Poultry diets and carbon footprints were among the subjects discussed at the recent World Poultry Science Association annual meeting in Nottingham. Phil Clarke reports
Omega-3 could lessen bone breakages
Supplementing layer diets with the right combination of polyunsaturated fatty acids – in particular short chain omega-3 – can lead to a significant reduction in bone breakages during lay.
Researchers at the University of Bristol, funded by the Biotechnology and Biological Sciences Research Council, say the findings could provide a route to maintaining food production while promoting animal welfare.
In their study, the scientists point out that keel bone breakage is a particular problem in free-range systems, with up to an 86% incidence rate. “This problem is made all the more urgent by the imminent ban on cage systems, requiring that 18m birds are ‘transferred’ to non-cage systems, with a potential ‘epidemic’ of broken bones,” they warn.
Given the interest in omega-3 supplementation in human diets to deliver health benefits, the scientists believed similar benefits could be bestowed on chickens.
“Bone fragility and breakages is a problem for both humans and farmed hens, and there is evidence that a balanced omega-3/omega-6 dietary intake reduces signs of osteoporosis.”
To study this further, the Bristol research team compared six commercial egg production flocks fed a standard diet, and six flocks fed a so-called Columbus diet, supplemented with omega-3.
Assessments were made at 30, 50 and 70 weeks of age, with evaluations made for keel bone breakage, bone mineral density of the humerus and the force required to snap the tibia.
The results showed that keel bone fractures in the standard free-range flocks came to 56% at week 50 and 62% at week 70. But in the omega-3 flocks the respective figures came to just 22% and 38%, representing a 40% reduction in bone breakage at end of lay.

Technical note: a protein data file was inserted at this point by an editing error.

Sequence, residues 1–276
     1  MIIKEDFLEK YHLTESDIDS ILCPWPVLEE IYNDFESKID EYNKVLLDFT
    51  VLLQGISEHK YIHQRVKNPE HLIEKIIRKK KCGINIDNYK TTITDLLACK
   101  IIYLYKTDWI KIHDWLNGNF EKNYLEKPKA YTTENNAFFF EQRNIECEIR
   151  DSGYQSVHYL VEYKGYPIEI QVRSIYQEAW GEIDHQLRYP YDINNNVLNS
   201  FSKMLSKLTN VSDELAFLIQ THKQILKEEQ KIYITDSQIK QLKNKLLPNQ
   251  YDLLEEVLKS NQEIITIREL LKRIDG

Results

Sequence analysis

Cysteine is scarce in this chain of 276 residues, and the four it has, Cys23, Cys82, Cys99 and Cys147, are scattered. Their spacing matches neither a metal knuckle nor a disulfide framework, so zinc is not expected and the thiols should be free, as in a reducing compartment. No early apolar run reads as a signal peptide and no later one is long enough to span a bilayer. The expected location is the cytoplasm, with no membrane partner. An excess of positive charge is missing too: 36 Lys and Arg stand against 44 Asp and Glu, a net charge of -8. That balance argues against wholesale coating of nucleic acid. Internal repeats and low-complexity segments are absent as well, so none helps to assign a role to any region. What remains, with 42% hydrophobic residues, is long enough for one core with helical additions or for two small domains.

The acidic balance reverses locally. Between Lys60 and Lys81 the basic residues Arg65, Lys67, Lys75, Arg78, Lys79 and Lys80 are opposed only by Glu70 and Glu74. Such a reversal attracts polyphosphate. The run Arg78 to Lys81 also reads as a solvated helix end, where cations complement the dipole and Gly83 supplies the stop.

The omega-3 flocks also demonstrated higher bone mineral density in the humeri, while the stress required to break the tibia was significantly higher (see graphs).
“In addition to benefits to the chicken, omega-3 fatty acids are also beneficial for human health,” said Michael Toscano, a member of the Bristol research team. “One objective of our research has been to produce an egg with fatty acid content that benefits consumers, while achieving the same bone strengthening effect in the chicken.
“Our next challenge is to find the ideal balance of different fatty acids to maximise the hen’s welfare while producing more nutritious eggs resulting in a positive outcome for chickens, producers and consumers.”
Free range judged to have high environmental impact
Free range and organic systems of broiler production have a far higher environmental impact than standard indoor production, researchers at the universities of Nottingham and Newcastle, and Cranfield University have revealed.
In a project funded by several leading poultry companies, organisations and UK government departments, the scientists used a “cradle to grave” approach to assess a variety of impacts.
These included energy use, greenhouse gas emissions, eutrophication and acidification potentials. They then assessed the environmental burden involved in producing 1000kg of poultrymeat from the three different systems.
Animal performance, feed intake, crop production and nutrient dynamics were all accounted for, as were energy use, water use and waste production.
The study revealed that feed production and transport had the greatest overall environmental impacts in broiler production, followed by gas and oil use.
“The length of the production cycle was much higher in free range and organic systems than the standard indoor system and, as a result, the feed consumption per bird was also higher,” the researchers said. “This trend had a major effect on differences in environmental burdens between the systems.” (See table)
In contrast, free-range production scored better in terms of primary energy use, due to the fact that no heating was applied on this farm and natural ventilation was used.
But in terms of eutrophication and acidification, standard indoor production faired much better, again due to the shorter production cycle and therefore lower manure production.
The same team also studied the environmental impact of different egg production systems, and reached very similar conclusions for very similar reasons.
For example, caged birds used just 14.1 GJ of primary energy to produce 1000kg of eggs, compared with 16.9 for free-range eggs, 18.8 for barn eggs and 22.4 for organic eggs.
“There were large differences in environmental impacts between egg production systems and generally these reflected the differences in the efficiency in production, feed consumption and material and energy use,” said the paper.